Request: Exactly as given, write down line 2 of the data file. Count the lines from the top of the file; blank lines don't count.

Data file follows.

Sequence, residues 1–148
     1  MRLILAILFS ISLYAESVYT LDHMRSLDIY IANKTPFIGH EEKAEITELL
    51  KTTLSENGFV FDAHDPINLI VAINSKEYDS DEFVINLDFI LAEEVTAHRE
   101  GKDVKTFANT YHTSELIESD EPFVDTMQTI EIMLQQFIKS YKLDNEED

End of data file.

     1  MRLILAILFS ISLYAESVYT LDHMRSLDIY IANKTPFIGH EEKAEITELL